74 U.S. 433
19 L.Ed. 95
7 Wall. 433
PACIFIC INSURANCE COMPANY
December Term, 1868
ON certificate of division from the Circuit Court for California.
The Constitution of the United States1 ordains thus:
'Direct taxes shall be apportioned among the several States which may be included within the Union, according to their respective numbers.'
With this provision of the Constitution in existence, Congress, by an internal revenue act of June 30, 1864,2 amended by act of July 13, 1866, laid a certain tax upon the amounts insured, renewed, or continued by insurance companies; upon the gross amount of premiums received and assessments by them; and a tax also upon dividends, undistributed sums, and income. A portion of the ninth section of the internal revenue act of July 13, 1866,3 and acts amendatory thereto, provide:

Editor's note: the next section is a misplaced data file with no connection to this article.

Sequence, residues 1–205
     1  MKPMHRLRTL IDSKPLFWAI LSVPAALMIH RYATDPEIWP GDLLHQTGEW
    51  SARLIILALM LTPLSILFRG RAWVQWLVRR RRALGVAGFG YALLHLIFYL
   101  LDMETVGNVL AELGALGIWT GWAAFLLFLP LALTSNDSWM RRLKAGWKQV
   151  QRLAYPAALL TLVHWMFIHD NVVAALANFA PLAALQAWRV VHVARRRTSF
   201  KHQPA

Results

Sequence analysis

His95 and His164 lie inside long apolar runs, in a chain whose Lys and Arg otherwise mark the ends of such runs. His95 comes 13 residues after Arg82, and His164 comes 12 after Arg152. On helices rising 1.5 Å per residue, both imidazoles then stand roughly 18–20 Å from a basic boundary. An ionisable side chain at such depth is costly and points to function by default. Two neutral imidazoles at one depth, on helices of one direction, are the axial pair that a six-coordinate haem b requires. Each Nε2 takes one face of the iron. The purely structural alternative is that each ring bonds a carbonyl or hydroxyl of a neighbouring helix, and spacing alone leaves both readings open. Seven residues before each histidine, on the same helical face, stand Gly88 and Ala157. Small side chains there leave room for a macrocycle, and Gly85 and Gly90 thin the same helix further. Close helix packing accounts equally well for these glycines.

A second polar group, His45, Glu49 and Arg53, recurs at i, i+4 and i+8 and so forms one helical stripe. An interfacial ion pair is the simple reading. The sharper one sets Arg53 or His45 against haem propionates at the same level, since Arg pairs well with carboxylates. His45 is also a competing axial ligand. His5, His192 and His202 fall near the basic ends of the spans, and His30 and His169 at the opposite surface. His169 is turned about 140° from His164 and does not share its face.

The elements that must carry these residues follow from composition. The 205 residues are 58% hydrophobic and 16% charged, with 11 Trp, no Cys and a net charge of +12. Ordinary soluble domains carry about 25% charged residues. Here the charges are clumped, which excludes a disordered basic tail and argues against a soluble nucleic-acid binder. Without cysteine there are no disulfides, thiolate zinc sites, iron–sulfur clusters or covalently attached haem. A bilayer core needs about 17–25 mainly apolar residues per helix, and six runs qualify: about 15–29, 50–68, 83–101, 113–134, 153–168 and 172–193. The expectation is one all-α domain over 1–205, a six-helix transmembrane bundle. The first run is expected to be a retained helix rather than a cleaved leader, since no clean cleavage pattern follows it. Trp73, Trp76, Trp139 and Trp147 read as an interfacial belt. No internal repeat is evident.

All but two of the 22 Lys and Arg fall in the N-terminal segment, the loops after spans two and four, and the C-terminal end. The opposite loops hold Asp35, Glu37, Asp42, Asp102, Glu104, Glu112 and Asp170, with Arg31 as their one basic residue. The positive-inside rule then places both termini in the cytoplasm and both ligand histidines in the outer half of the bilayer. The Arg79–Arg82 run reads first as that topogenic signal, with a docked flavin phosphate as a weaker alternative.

'That it shall be the duty of all persons required to make returns or lists of income, and articles or objects charged with an internal tax, to declare in such returns or lists whether the several rates and amounts therein contained are stated according to their values in legal tender currency, or according to their values in coined money; and in case of neglect or refusal so to declare to the satisfaction of the assistant assessor receiving such returns or lists, such assistant assessor is hereby required to make returns or lists of such persons neglecting or refusing, as in cases of persons neglecting or refusing to make the returns or lists required by the acts aforesaid, and to assess the duty thereon, and to add thereto the amount of penalties imposed by law in cases of such neglect or refusal. And whenever the rates and amounts contained in the returns or lists as aforesaid, shall be stated in coined money, it shall be the duty of each assessor receiving the same, to reduce such rates and amounts to their equivalent in legal tender currency, according to the value of such coined money in said currency, for the time covered by said returns. And the lists required by law to be furnished to collectors by assessors shall in all cases contain the several amounts of taxes or duties assessed, estimated or valued in legal tender currency only.'